Advanced search

Whether you’re a beauty novice or a confirmed fashionista, this topic is for consulting Mumsnetters on all things style-related. Plus, check out our Swears By page for the inside track on the next Mumsnet must-have.

How do you decide what you can afford?

(17 Posts)
kplondon Mon 19-Sep-11 16:13:30

I am always reading in women's magazines and indeed here on S&B about the recent wardrobe purchases or wardrobe wishlists of different women. It seems that many non-trust-funded, non-millionaire women do actually spend 200 quid on an Equipment silk blouse, anther couple on J Brand jeans and even more on Belstaff boots, topped off with a Max Mara coat. I work and make decent money but I go through mental anguish about whether it's appropriate to buy higher-end things (probably because I didn't grow up with any disposable income). I'm not talking about whether to buy Prada or Proenza Shoueler - I'm talking about Theory, DVF and Joseph. How do you know what your price point for jeans should be? How do you know what you can afford? How do you work this out for yourself?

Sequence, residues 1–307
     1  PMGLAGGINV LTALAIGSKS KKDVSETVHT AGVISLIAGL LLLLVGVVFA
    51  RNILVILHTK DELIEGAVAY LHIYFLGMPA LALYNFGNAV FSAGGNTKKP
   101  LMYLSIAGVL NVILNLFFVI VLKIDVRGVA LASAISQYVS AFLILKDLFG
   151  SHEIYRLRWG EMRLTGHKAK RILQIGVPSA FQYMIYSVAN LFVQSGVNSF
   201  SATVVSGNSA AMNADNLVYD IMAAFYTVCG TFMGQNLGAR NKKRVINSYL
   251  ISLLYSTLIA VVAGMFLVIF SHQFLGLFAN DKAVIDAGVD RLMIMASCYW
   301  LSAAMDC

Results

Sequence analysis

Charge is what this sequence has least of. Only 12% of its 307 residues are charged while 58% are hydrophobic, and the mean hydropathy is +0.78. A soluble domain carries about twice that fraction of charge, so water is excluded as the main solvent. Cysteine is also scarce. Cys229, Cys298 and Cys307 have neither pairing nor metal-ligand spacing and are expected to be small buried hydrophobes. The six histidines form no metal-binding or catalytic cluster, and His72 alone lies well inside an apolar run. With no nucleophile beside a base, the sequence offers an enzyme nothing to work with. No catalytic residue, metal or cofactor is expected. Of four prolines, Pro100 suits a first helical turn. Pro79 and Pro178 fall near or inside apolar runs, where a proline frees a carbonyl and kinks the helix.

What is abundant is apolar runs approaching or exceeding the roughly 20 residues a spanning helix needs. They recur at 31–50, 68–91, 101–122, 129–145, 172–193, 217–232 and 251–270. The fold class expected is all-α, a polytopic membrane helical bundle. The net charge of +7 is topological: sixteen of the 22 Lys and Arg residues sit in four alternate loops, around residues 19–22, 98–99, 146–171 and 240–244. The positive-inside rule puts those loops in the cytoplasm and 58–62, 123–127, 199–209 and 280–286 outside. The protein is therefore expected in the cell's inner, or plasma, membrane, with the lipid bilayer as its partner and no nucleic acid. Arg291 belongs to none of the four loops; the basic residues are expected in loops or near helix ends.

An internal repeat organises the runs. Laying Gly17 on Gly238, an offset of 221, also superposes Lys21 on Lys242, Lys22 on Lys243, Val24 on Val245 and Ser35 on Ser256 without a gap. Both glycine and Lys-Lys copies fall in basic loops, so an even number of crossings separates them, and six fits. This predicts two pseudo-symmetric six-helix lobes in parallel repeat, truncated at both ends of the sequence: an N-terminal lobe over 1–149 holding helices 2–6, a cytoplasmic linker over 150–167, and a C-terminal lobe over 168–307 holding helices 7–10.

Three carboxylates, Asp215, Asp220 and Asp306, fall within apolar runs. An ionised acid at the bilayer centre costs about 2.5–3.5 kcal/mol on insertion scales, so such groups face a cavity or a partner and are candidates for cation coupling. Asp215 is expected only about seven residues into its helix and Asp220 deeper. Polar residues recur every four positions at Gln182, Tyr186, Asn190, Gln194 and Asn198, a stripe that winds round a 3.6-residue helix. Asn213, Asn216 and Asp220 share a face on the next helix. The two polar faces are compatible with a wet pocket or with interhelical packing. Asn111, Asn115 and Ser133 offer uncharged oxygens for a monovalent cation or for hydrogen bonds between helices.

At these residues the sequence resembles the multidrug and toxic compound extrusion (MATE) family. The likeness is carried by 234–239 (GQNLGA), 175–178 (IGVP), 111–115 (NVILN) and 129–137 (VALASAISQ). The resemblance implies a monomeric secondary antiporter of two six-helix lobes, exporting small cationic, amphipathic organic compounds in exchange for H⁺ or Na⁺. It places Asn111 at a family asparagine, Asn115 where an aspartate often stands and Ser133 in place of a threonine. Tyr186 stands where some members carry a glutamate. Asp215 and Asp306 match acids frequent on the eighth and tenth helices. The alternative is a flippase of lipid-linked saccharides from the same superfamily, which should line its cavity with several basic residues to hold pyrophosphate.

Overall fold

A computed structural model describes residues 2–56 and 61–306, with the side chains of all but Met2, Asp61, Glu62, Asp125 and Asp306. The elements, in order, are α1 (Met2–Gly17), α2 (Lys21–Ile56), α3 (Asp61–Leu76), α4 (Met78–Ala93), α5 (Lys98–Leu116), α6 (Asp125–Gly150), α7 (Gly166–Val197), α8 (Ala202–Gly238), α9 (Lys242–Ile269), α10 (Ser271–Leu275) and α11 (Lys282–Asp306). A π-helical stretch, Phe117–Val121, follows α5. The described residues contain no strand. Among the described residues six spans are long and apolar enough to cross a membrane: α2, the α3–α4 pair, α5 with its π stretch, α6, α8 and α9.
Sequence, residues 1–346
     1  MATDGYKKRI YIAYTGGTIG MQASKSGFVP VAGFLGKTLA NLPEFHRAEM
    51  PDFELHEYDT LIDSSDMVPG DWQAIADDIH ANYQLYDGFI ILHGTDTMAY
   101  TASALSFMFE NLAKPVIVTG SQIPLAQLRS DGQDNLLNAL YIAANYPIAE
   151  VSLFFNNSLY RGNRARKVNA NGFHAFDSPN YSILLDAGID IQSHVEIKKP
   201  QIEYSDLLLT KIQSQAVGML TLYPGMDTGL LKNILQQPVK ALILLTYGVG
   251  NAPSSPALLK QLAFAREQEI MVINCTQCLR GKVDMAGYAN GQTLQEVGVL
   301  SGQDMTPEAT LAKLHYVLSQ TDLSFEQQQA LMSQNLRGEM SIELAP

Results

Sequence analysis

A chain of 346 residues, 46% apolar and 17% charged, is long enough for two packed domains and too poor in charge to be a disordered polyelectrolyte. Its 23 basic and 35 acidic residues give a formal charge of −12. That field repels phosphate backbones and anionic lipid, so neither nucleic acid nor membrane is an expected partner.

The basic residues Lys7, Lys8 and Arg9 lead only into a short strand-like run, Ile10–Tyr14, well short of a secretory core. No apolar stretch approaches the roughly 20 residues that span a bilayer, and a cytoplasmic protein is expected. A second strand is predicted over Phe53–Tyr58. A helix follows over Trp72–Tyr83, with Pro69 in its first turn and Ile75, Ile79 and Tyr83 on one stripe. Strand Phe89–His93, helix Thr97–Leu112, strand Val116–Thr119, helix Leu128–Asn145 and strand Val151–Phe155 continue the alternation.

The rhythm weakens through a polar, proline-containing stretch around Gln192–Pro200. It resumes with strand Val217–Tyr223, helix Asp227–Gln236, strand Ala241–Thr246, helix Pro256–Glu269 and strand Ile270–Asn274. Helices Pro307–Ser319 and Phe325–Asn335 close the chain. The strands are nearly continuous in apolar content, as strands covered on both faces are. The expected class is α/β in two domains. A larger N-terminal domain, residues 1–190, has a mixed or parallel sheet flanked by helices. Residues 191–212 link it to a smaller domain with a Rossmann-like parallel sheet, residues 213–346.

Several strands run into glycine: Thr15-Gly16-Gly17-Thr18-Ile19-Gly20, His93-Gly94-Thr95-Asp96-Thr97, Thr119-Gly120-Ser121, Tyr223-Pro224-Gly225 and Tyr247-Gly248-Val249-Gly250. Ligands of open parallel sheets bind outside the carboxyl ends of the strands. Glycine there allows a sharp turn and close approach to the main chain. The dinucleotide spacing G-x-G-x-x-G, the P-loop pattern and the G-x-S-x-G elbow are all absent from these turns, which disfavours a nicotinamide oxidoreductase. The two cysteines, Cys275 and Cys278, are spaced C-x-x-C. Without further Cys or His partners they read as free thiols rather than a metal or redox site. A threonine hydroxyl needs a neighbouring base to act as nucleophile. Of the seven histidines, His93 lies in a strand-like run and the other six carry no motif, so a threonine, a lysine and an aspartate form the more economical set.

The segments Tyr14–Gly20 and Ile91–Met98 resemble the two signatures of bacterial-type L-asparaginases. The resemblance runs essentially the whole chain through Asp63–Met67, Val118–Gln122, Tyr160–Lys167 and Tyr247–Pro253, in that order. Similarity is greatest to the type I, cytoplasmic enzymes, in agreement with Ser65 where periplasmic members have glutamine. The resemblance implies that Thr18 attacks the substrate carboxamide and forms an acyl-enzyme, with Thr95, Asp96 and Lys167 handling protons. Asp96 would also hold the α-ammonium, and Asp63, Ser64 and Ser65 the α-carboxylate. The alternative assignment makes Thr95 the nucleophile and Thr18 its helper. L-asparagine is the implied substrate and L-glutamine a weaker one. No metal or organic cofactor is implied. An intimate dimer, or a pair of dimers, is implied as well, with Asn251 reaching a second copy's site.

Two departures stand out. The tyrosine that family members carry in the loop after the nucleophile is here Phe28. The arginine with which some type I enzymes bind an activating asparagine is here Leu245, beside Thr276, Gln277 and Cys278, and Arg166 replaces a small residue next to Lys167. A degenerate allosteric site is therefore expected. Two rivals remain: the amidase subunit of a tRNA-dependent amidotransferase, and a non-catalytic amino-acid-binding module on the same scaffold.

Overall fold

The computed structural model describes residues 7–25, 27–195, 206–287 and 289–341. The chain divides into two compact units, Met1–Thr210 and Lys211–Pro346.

Pagwatch Mon 19-Sep-11 17:20:17

I don't really understand.
You have income, you have necessary expenditure. Then you have money left over.
If that sum is £10,000 you may happily pay £500 for new shoes. If it is £100 you probably won't

I look around. I buy stuff I like if it's purchase does not make a negative impact on my finances

I grew up with fouth turn hand me downs so I understand how difficult it is to feel normal about spending lots. But if it feels too much I won't buy. It depends on the item.